While it’s not uncommon to hear from those who have found our survey monuments dotted around the country at various landmarks and geological sites, one recent story about a particularly notable monument stood out among the rest.
As described in her 2006 book Lasting Impressions, Rhonda Rushing, President of Berntsen International Inc., recounts an especially challenging survey marking project that took researchers and Berntsen’s highly robust survey monuments to extreme heights and harrowing conditions.
Carried out in the summer of 1989, an eight-man surveying expedition set out to climb Mount McKinley––the largest peak in North America––with two goals in mind. First, they wanted to determine the deflection of vertical near a mountain mass as massive as McKinley. Second, researchers wanted to demonstrate that the technology was available to make precise measurements using GPS equipment in such a high altitude environment––a notable feat during that time.
After reaching the summit, surveyors placed a monument designed specially by Berntsen to withstand the inhospitable conditions found on the mountain before completing their measurements and returning home. During the 25 years since, not a single reported sighting of the marker ever made it back to the Berntsen team until this past summer––when by chance, a relative of two climbers mentioned having heard it was discovered; an exciting surprise to coincide with the expedition’s 25th anniversary.
Braving the conditions to pioneer a new technology
Remembering the project’s inception, Rushing expressed pride for her father’s work as an important part of the project. Not knowing exactly what surface conditions surveyors would face at the summit, Berntsen designed a custom monument rod that was built in several separate pieces, which could be assembled to fit the boring depths possible atop the mountain.
The monument cap was constructed out of a special four-inch bronze and magnesium cap fitted to a half inch steel rod with a unique locking mechanism built to withstand the brutal conditions atop the continent’s highest mountain.
Along with the marker, the team also carried a GPS surveying system modified to withstand the punishing condition McKinley is known for.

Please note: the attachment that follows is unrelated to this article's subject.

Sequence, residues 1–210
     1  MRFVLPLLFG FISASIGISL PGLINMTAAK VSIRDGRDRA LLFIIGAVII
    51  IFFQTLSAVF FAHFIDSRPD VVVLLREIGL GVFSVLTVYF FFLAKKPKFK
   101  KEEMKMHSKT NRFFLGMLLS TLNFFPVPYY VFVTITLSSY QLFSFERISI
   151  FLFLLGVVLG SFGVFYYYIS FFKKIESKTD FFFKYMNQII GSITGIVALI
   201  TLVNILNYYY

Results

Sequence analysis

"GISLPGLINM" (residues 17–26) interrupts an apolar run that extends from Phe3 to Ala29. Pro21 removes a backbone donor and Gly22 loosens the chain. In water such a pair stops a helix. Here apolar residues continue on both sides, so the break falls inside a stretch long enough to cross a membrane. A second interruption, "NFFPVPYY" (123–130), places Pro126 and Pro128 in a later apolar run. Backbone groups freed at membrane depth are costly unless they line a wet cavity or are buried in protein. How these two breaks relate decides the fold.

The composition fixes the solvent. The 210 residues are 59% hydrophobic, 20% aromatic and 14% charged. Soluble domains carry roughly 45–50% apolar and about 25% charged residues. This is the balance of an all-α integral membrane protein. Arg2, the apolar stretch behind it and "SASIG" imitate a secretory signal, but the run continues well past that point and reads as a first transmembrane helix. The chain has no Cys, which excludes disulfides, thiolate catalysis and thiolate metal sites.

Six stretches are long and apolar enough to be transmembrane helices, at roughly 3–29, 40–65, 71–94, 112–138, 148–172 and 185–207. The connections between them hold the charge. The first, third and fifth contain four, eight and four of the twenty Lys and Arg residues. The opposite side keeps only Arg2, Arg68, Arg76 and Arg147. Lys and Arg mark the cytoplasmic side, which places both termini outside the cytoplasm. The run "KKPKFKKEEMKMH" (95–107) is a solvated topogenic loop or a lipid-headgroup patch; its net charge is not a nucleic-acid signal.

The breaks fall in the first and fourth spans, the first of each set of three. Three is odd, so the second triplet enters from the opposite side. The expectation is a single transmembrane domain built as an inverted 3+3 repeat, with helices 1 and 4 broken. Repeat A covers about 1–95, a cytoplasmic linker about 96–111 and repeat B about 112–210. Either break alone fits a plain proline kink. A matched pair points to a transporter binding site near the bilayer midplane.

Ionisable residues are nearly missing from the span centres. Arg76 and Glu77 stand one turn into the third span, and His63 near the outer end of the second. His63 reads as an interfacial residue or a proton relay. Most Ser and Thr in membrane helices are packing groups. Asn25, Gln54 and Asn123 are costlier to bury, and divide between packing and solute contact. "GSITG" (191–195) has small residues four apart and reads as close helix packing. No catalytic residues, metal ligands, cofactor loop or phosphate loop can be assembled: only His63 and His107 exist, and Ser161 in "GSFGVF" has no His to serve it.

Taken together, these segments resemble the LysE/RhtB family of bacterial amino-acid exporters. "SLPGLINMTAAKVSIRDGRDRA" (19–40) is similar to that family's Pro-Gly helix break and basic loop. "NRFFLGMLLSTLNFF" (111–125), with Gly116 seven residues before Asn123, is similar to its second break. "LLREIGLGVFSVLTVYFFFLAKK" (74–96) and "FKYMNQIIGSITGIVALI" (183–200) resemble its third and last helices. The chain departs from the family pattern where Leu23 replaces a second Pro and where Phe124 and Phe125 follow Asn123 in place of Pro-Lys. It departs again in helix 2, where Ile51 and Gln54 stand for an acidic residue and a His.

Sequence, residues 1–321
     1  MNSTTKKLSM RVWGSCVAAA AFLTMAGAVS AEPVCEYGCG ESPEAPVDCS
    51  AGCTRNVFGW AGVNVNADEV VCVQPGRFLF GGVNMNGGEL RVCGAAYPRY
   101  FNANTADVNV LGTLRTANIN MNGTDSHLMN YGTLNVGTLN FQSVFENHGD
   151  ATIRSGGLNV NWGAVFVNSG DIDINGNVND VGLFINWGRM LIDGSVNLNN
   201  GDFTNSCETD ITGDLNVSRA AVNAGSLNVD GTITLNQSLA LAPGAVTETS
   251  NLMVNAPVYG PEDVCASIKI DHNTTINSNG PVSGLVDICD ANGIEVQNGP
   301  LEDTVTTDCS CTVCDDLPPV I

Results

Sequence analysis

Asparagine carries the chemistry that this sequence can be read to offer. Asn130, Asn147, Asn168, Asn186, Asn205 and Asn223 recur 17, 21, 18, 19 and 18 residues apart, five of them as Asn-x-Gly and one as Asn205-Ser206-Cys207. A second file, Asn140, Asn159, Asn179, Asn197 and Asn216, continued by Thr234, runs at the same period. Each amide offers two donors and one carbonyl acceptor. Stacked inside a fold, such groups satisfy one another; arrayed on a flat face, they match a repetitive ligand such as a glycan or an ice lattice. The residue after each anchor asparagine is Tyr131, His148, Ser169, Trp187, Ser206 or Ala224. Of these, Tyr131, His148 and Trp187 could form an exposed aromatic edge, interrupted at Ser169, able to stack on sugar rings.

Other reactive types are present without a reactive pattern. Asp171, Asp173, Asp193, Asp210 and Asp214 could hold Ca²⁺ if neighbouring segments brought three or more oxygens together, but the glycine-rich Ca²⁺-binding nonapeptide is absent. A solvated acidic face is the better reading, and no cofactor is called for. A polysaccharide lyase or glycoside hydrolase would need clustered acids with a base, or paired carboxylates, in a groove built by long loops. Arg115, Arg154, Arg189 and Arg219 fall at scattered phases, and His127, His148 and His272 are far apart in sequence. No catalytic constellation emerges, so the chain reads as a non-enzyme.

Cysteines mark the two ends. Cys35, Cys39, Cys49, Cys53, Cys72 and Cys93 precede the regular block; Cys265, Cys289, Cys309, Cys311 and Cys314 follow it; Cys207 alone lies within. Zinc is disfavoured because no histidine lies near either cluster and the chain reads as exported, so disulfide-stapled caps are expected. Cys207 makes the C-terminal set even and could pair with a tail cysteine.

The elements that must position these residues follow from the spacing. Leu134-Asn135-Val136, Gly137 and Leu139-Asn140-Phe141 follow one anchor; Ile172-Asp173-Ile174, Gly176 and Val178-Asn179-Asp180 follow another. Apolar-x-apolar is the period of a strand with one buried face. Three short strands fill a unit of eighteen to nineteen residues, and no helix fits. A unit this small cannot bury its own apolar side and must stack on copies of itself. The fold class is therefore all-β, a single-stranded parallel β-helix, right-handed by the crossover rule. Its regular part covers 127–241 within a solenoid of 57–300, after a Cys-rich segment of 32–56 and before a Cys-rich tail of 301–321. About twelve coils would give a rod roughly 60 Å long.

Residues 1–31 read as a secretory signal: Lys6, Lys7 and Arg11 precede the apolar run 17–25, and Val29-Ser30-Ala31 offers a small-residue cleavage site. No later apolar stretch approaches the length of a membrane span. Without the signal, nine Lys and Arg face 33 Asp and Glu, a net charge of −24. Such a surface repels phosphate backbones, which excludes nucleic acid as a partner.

Finding what was thought to be lost
After the monument’s placement, the Berntsen team wouldn’t hear about it again for over two decades. During that time, the lack of any direct sightings by subsequent climbing expeditions led many to assume the monument had either gradually sunk into the ice, or was pulled out of the mountain by climbers looking to take home a souvenir.
These theories were put to rest after Kurt and Craig Konz made their ascent to the summit during the summer of 2013. Already accomplished backcountry skiers, the brothers looked to McKinley for a more challenging climbing experience. After a six-day journey through adverse weather and difficult climbing conditions, the pair reached the summit where they said it was “impossible not to see” the monument shining within the icepack.
A find with real significance for surveyors
Among the many enjoyable stories of people stumbling upon markers and monuments around the country at places like Disney Land, Monticello, and the Appalachian Trail, Rhonda Rushing says this find was particularly notable because of both the difficult conditions found at the site, as well as the scientific significance the monument represents today.
Until then, measurements of the mountain relied on the findings gathered over 30 years prior. This project marked the first time such an elevation could be surveyed using GPS systems, which at the time, had not yet been adapted to monitor and assess such extreme geological locations.
“It’s a privilege to be in on these projects,” Rushing says. As humans it’s important to know where you are and how high you are. It was exciting to see that it was accomplished.”
If you’re interested in using Berntsen’s trusted line of survey monuments, survey equipment, or other quality products we carry, visit the Survey Monument product page or request a catalog.
If you’re interested in reading more about the Mount McKinley research project along with other stories of notable survey monuments from around the country, grab Rhonda Rushing’s Lasting Impressions: A Glimpse into the Legacy of Surveying today.
Click here to read the extended article in Professional Surveyor Magazine.
Photo credit: Denali National Park and Preserve